Aileen Sage Architects and Michelle Tabet in conversation
ISABELLE TOLAND (AILEEN SAGE ARCHITECTS): We are particularly lucky to be the first Architecture exhibition in the new Australian pavilion. The Denton Corker Marshall designed building is our site and we want to place ‘The Pool’ in dialogue with their design.
MICHELLE TABET: As the creative directors of the Australian exhibition we are proposing to step outside of the architect-to-architect discourse to show how a familiar, common object—the pool—is in fact pregnant with cultural significance. It is both an artifact and catalyst for change.
AMELIA HOLLIDAY (AILEEN SAGE ARCHITECTS): ‘The Pool’ for us is not just an exhibition, it’s an architectural project and that’s how we have thought about it in our everyday practice. For us, the challenge of any architectural or urban project is to create a space where people are able to make an emotional connection, where they are able to connect across both the personal and the collective, beyond the visual and the built. We also feel that any piece of architecture we create should resonate both in situ and beyond.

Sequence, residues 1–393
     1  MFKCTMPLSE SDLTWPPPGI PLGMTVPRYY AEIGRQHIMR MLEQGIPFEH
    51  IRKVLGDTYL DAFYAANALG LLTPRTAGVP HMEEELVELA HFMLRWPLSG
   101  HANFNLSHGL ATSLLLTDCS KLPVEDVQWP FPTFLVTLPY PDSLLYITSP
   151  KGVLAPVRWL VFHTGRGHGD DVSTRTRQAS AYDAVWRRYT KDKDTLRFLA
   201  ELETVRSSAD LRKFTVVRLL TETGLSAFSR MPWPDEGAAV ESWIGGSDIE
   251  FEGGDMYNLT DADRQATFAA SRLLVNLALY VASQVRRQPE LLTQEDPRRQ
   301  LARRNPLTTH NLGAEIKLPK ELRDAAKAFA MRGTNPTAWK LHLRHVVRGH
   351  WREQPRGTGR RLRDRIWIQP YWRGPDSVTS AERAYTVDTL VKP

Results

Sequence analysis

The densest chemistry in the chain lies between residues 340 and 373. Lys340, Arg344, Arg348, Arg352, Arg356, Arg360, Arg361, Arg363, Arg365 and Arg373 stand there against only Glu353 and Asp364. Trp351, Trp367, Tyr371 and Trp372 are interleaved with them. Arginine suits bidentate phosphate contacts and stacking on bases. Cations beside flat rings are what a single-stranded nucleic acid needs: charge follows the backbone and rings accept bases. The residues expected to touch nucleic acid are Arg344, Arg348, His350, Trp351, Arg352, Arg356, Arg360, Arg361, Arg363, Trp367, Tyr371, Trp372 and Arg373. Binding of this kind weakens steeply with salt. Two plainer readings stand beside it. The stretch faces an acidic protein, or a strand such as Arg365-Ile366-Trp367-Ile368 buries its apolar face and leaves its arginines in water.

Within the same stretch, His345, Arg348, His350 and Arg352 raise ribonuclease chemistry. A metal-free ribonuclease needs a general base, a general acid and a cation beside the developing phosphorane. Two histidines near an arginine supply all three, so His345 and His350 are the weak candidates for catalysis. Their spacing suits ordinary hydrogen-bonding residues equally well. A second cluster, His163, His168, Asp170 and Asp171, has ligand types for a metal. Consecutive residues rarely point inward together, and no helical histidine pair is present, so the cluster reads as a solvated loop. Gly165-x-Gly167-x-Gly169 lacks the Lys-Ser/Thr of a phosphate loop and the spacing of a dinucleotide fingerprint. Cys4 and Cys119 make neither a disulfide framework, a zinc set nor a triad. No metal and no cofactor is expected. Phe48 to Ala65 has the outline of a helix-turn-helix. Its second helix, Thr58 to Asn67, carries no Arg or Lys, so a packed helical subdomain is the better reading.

IT: For this project we wanted to create an immersive experience, with the pool itself central to the design. For us, ‘The Pool’ is a means to amplify and enhance the experience of this new building: a simple black box that sits cantilevered over the edge of the canal at the edge of the trees in the Giardini with Venice, the city of water, as its backdrop. The pool is the focal point of the space, juxtaposed with the window that looks over the canal.
When you enter the space you will be enveloped by a scent, a powerful trigger of memories. It will be a particularly Australian smell, created by parfumier Elise Pioch in collaboration with designers Lyn&Tony. It is the smell of fire and water, the bush and the city, as well as of petrichor, the scent of wet ground after rain. For many Australians this may be a familiar scent of home, while for others it may be strange and foreign, a scent of danger and oddity.